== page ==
From Tarn Taran, Guru Arjan went to the Jalandhar doab, and founded a third city of Kartarpur – this is distinct from the Kartarpur in Pakistan where Guru Nanak breathed his last. From Kartarpur he went to Lahore and from Lahore, in 1595, he went to the river Beas – on the banks of which he founded his fourth city Sri Gobindpur, in honor of his son Hargobind who was born in the same year. In 5 years of traveling through the Punjab, Guru Arjan brought thousands of people into the fold of Sikhism.
The birth of Hargobind however, reignited Prithi Chand’s enimity with Guru Arjan. Prithi Chand had begun to compile an anthology of sacred writings of the earlier Gurus and began to insert his own compositions. Guru Arjan realized the danger a spurious scripture posed to the Sikh faith. He abandoned all of his other pursuits in order to make an authentic copy of the hymns of his predecessors. He had the hymns of Guru Ramdas, and he persuaded the sons of Guru Amardas to give him the writings of the first 3 Gurus. In addition, he also sent his disciples in search of copies that might have been made. Guru Arjan made a final selection of the hymns and recorded them in the Adi Granth, the first compilation of the Guru Granth Sahib.
Guru Arjan himself was a great lyricist and his hymns have a rare quality that touches the listener’s heart. He mostly composed short hymns in a simple language. Sukhmani, one of his compositions, still remains a masterpiece that puts the mind at ease and provides instant solace. It is a beautiful example of Sikh teachings and has been a favorite reading with Sikhs and non-Sikhs alike. In all Guru Arjan composed 2216 hymns that are a part of the Guru Granth Sahib. At the instance of Guru Arjan, Bhai Gurdas wrote the Adi Granth. In addition to the hymns of the Sikh Gurus, the Adi Granth also included the hymns of various rababis and poets who were associated with the Gurus, as well as other learned bhagats drawn from all over India and from all walks of life.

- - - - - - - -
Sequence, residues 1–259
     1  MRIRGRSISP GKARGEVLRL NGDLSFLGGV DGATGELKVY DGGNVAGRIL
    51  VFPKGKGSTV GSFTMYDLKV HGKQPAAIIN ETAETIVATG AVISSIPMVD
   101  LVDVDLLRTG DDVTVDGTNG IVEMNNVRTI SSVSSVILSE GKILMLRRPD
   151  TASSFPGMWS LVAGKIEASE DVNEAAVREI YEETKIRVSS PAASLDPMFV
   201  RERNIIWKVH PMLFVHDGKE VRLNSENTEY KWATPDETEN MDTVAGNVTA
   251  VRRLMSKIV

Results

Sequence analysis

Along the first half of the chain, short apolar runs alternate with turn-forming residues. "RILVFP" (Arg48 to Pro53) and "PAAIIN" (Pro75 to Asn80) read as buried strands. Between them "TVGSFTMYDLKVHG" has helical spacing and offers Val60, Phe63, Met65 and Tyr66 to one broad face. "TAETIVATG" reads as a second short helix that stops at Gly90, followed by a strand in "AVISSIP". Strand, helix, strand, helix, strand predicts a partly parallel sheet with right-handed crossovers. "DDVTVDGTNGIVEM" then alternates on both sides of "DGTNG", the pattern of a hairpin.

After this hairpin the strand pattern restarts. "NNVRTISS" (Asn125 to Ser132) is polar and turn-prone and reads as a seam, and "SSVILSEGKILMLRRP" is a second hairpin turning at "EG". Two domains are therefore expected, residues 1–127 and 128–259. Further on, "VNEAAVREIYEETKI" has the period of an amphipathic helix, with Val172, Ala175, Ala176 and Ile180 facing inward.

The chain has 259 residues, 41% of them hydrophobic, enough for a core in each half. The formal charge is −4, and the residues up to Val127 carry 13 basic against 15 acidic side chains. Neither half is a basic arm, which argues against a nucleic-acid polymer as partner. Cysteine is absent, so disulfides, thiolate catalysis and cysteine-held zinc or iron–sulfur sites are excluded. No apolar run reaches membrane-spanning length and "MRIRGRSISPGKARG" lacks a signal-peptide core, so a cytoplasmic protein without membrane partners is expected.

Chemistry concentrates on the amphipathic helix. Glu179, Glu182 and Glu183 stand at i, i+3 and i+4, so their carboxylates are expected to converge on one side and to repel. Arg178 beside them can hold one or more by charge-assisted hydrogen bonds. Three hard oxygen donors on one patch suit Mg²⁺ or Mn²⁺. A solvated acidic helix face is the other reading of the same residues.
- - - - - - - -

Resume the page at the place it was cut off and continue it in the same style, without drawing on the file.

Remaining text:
The hymns in the Adi Granth were arranged musically according to 31 classical Indian ragas or musical meters and their sub-meters. This resulted in mixing of the hymns of all the Gurus in a particular Raga. These were followed by the hymns of Bhagats, beginning with those of Kabir and ending with those of Farid. At places the hymns of the Gurus and the Bhagats were also interspersed. The Adi Granth was a remarkable compilation that gave equal importance to each contributor. The Adi Granth was completed in 1604, and was formally installed at the Harmandar Sahib. Baba Buddha was appointed as the first Granthi – or the first reader of the Adi Granth. Bhai Gurdas not only wrote the Adi Granth but also wrote extensively on the interpretation of the hymns recorded in it. His writings are considered as the key to unlock the knowledge in the Guru Granth Sahib. We will dedicate an entire episode to talk about the Guru Granth Sahib and another episode to talk excusively on the contributions of Bhai Gurdas.